Being Honest about Who and What

Photo by Amanda Leutenberg
Photo by Amanda Leutenberg

Part one of two – let’s be honest about the who and what of our underlying presuppositions…

“[Christ] told us to be not only ‘as harmless as doves,’ but also ‘as wise as serpents.’ He wants a child’s heart, but a grown-up’s head. He wants us to be simple, single-minded, affectionate, and teachable, as good as children are; but He also wants every bit of intelligence we have to be alert at its job, and in first-class fighting trim.” C.S. Lewis ~ Mere Christianity

Many believe that people must check their intelligence at the door of faith in order to be a Christian. Certainly atheists and agnostics think so, but believers also act as if intelligence is something that must be discarded or even worse, not to be trusted.

A read through the Bible, however,  reveals that God is as concerned about a person’s mind as He is about a person’s heart. In fact, the mind and the heart are often mentioned together. (See Matthew 22:37; Mark 12:30 and Luke 10:27)

If we believe in God, and believe He created the heavens and the earth, then we can trust the intellect He gave us. In fact, if He gave it to us, does He not expect us to use it?

Interestingly, we read that the heart is deceptively wicked (Jeremiah 17:9), but we don’t find similar things said about the mind. I think that is because our hearts lead us astray faster than our heads.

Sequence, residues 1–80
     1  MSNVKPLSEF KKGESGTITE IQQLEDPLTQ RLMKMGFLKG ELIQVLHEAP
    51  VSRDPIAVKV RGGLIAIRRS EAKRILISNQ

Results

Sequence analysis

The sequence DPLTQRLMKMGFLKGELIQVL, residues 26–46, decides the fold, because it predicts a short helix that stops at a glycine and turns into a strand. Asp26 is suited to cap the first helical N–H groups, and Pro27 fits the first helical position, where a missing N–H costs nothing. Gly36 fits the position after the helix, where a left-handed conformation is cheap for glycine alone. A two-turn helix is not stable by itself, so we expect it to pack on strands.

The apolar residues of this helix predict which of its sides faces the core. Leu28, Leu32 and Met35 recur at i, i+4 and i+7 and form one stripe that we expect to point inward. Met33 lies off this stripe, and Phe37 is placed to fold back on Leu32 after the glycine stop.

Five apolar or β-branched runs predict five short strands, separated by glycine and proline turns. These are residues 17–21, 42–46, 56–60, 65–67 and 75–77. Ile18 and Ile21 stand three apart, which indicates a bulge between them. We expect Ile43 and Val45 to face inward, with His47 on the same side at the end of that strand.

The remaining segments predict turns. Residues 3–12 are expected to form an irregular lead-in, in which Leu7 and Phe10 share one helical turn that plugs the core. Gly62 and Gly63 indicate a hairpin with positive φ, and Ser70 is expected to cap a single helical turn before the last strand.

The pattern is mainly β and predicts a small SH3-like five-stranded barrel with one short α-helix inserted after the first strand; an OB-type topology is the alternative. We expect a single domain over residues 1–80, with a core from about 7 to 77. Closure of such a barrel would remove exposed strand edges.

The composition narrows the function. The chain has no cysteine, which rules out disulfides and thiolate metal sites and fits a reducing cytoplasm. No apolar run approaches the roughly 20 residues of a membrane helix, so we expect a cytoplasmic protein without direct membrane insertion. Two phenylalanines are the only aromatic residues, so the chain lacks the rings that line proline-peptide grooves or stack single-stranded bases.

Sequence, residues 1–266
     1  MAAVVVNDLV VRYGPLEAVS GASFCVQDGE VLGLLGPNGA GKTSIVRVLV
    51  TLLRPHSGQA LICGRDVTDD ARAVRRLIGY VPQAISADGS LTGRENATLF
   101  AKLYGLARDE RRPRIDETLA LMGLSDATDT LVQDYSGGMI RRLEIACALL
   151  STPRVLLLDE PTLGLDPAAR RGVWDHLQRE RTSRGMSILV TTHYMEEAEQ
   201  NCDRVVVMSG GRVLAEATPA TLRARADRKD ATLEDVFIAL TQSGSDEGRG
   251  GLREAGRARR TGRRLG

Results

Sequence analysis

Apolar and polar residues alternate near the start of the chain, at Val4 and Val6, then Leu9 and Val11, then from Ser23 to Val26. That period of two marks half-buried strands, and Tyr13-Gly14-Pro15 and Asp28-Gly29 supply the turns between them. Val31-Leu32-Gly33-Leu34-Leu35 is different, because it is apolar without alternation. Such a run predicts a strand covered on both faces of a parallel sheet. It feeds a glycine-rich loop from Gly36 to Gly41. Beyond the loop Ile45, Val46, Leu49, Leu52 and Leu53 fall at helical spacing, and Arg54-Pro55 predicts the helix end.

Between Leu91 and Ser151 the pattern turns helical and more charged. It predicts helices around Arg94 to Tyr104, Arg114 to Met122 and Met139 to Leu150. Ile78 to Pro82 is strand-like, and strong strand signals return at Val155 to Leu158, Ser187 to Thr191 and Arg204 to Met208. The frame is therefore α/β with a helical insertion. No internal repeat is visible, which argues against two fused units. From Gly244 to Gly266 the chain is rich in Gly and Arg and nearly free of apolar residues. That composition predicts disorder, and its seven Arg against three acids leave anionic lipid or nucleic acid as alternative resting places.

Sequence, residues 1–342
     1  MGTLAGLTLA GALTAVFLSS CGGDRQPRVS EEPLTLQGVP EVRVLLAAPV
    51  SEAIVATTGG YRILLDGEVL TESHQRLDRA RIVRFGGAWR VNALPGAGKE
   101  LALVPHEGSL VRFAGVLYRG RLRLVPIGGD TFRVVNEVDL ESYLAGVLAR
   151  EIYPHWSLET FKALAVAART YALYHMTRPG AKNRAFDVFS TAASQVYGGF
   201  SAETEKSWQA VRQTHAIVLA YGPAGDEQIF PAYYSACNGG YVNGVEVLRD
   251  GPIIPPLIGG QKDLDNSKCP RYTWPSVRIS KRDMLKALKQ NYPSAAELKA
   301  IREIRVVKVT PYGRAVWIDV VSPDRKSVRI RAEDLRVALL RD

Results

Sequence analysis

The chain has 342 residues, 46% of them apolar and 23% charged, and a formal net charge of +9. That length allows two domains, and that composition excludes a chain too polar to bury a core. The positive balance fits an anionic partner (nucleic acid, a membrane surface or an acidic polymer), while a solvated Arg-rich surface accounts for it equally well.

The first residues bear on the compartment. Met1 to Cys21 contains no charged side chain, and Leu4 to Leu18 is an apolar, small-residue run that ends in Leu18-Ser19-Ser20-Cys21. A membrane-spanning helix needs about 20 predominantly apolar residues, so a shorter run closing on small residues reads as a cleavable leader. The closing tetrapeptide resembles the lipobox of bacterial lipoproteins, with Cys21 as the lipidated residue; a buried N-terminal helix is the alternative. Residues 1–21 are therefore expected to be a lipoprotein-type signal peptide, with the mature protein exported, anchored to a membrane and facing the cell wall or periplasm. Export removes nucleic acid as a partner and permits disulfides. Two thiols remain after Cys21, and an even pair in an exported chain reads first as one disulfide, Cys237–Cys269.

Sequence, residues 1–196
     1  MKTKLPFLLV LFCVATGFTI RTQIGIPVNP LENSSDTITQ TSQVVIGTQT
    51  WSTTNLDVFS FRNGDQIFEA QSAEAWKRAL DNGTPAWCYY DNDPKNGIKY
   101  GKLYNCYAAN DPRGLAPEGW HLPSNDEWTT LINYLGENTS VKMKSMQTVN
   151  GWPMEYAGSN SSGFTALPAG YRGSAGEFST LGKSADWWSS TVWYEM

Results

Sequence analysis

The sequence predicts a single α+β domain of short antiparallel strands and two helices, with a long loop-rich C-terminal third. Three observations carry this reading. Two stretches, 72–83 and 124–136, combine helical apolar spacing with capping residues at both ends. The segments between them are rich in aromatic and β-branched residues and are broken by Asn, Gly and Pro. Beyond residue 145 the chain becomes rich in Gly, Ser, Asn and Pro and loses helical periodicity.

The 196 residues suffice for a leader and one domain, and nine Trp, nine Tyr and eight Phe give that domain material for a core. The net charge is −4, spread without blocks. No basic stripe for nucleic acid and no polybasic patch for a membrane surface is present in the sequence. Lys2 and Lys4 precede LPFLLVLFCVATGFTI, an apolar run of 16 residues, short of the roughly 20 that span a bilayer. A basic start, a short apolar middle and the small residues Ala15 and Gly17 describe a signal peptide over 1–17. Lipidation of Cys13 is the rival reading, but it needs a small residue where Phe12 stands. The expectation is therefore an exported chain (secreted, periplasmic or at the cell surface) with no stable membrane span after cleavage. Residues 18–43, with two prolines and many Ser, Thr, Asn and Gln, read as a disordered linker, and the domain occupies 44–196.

Paul considered intellectual exercise part of his ministry: to “destroy arguments and every lofty opinion raised against the knowledge of God.” (2 Cor. 4:5)

Atheists and agnostics approach the world from a different view point than a believer. Atheists and agnostics claim that believers are not objective and open minded because we approach the world with the premise that God exists.

I think many of us fear we are guilty of the charge, and fearful, also, of facing the truth of that claim.

The truth is that atheists and agnostics are no less given to presuppositions that drive their thinking (and predetermine their conclusions) than believers. We do see the world through a filter. We all do, even atheists. We can be honest about that.

Once we have have been born again, everything changes. Everything should change! We find that God is not a what, but a who!

We can also be honest about the light that colors our view. As with C.S. Lewis, the believer sees the world by the light of Christ:

I believe in Christianity as I believe that the sun has risen: not only because I see it, but because by it I see everything else. C. S. Lewis

Different from a believer, an atheist approaches the world assuming no God with the premise that nothing exists unless they can touch it, see it, hear it and quantify it. The questions they ask limit the answers they find: they ask “what causes the wind”; they never think to ask “who causes the wind.” If they can’t find an answer to what, they will settle for asking “how” the wind operates and ignore the ultimate questions.

They ask whether the universe had a beginning and, if so, how did it happen. They sidestep where matter came from. They ask what is matter, not where did matter come from. They presuppose that the universe and matter simply exist – shutting the spigot of inquiry off because we can’t go there with our natural senses.

They don’t ask, they never ask, who created the world; they would never ask who, because that question presupposes a who, and they only presuppose a what.

Part two of two is next  ~ Intellect and Faith

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